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Zakat in islam
By ZOE KENT 2,420 views

What is Zakat in Islam?

Zakat, which is also referred to as Zakah, Zakat-ul-mal, and Zakat on wealth, is an Arabic word that means “that which purifies.” It is one of the five pillars of Islam, next only to Shadahah (Profession of Faith) and Salat (Prayer) in importance. In short, Zakat is giving of alms to the underprivileged and needy individuals.

Who is liable to pay Zakat?

Zakat is a religious obligation or in other words, a tax that is mandatory for all adult Muslims of sound mind as well as means who have wealth above a certain threshold level – Nisab.

What is Nisab?

To be liable to pay Zakat, one should have wealth exceeding Nisab.

Nisab is determined using either gold or silver. In simple terms, Nisaab is the cash equivalent of 3 ounces of gold (87.48 grammes) and 21 ounces of silver (612.36 grammes). Note that the market value of gold and silver differs with the course of time. Hence, you should take in to account the present values when figuring out whether or not you are eligible to pay Zakat.

How is Zakat Calculated?

Once it has been established that you are eligible to pay Zakat, then you need to calculate how much Zakat you need to pay.

Zakat is 2.5% of your wealth (assists minus short-term liabilities) exceeding Nisab as Zakat on an annual basis.

Your assets include the soft as well as hard cash you have, the money that is owed to you, the market price of the shares you have (either of your own business or in your investment portfolio), the value of gold and silver, and the rental income of the properties that you own.

Your short-term liabilities include the money you owe to others, the short-term bank loans you have acquired, the bills, rent, and business expenses in case you own a business.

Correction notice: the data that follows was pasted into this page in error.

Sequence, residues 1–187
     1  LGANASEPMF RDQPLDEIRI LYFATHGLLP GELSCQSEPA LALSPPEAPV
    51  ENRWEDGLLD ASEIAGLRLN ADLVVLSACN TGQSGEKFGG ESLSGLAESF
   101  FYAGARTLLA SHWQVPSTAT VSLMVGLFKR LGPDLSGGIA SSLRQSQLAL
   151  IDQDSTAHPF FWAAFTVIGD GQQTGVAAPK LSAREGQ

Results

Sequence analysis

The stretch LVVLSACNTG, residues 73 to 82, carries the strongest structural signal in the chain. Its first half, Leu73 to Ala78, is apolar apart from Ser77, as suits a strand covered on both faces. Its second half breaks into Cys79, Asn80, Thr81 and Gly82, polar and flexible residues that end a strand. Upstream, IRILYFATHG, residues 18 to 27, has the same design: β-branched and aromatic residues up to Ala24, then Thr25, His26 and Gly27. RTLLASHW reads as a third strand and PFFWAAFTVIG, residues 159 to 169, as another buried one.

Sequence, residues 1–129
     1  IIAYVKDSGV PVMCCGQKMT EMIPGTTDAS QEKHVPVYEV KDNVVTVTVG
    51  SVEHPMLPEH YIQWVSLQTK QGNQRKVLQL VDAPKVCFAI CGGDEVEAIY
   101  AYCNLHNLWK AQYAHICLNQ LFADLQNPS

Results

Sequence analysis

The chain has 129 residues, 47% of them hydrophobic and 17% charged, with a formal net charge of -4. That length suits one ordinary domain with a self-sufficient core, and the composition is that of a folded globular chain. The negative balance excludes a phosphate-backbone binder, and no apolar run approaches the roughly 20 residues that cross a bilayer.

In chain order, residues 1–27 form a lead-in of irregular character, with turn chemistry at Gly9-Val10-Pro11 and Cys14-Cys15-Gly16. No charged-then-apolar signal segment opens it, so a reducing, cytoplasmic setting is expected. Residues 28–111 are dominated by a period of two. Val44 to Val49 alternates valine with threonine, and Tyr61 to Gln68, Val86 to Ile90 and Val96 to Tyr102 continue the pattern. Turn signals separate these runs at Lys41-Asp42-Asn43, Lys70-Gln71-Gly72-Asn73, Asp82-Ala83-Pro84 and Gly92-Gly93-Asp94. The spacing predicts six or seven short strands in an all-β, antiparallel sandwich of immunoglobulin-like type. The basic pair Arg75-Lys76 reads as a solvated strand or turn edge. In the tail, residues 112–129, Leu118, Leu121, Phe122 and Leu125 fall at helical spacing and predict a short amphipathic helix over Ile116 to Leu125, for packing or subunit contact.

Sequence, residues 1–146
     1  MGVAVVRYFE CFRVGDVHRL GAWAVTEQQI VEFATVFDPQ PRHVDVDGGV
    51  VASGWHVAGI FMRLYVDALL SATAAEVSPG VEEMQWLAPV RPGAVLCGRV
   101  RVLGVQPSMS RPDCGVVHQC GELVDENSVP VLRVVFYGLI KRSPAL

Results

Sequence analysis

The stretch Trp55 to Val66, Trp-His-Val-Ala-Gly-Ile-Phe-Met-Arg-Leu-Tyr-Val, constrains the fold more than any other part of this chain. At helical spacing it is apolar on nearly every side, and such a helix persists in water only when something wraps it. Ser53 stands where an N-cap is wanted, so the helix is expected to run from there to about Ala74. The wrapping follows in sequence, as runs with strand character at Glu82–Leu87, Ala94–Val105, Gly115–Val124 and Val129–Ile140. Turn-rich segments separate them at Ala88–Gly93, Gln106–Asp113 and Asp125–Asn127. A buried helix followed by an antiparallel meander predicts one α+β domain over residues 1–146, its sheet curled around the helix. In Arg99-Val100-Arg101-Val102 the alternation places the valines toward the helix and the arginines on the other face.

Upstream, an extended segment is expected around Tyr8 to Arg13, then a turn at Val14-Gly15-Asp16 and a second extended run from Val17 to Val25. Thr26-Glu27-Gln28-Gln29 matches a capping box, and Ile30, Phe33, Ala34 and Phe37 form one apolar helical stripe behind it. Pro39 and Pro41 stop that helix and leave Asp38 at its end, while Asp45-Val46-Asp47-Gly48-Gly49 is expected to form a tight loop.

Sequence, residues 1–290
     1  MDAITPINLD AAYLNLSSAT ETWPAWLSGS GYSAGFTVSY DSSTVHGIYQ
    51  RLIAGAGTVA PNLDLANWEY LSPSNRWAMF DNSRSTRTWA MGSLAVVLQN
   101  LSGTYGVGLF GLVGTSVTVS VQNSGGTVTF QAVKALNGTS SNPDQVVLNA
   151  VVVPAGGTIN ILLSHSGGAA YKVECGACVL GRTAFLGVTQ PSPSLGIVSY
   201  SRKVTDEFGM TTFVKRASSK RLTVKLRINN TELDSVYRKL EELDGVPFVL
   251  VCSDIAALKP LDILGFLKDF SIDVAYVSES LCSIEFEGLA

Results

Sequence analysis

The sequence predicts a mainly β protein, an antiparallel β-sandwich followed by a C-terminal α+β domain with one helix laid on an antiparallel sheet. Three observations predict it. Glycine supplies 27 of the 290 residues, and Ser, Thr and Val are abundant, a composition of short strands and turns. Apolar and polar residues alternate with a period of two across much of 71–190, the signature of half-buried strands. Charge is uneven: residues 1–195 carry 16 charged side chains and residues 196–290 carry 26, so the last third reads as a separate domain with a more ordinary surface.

You do need to pay Zakat on the value of your home, car(s), and accessories that you may have.

To whom should Zakat be paid?

There are eight categories that highlight the individuals whose Zakat Appeal should be answered, and they are as follows:

  1. The needy
  2. The poor
  3. The captives and slaves
  4. The Zakat collectors
  5. Those who have converted to Islam
  6. In Allah’s cause
  7. The debtors
  8. The helpless and stranded travellers

Note that you are not limited to pay Zakat to only the Muslims in or around your neighbourhood. You can pay to deserving Muslims anywhere in the world. For instance, you can hand out Syria donation to aid the oppressed in Syria even though you reside in the UK or USA.

Why is Zakat paid?

Zakat is paid not only to purify one’s wealth but also to seek the blessings of Allah. This act of giving a portion of one’s wealth helps Muslims acknowledge the fact that everything they have is provided to them by the Almighty and that their wealth should be used to support the needy as well as poor. While it surely is a foolproof way of remembering Allah and seeking His mercy, it also purifies one’s heart from greed and desire of materialistic things. Plus, Zakat helps Muslims become more honest and self-disciplined.

Note that Zakat is not a charity and in order to pay Zakat in such a way that it’s accepted one must have the intention of paying Zakat. If you think that you pay more than enough charity already and that you don’t need to pay Zakat then think again. This is because the charity cannot be counted as Zakat, given that your intention was not to pay Zakat specifically. In such a case, you’ll have to pay Zakat even if you had already given charity.


So, there you have it – all the information about Zakat in Islam. In case of any confusion, it is recommended that you consult with your local imam or scholars.

Zoe Kent

Zoe Kent has recently joined the PakWheels team as a Content Marketing Executive, shortly after graduating from Manchester Metropolitan University. Zoe specialises in SEO, website content creation, social media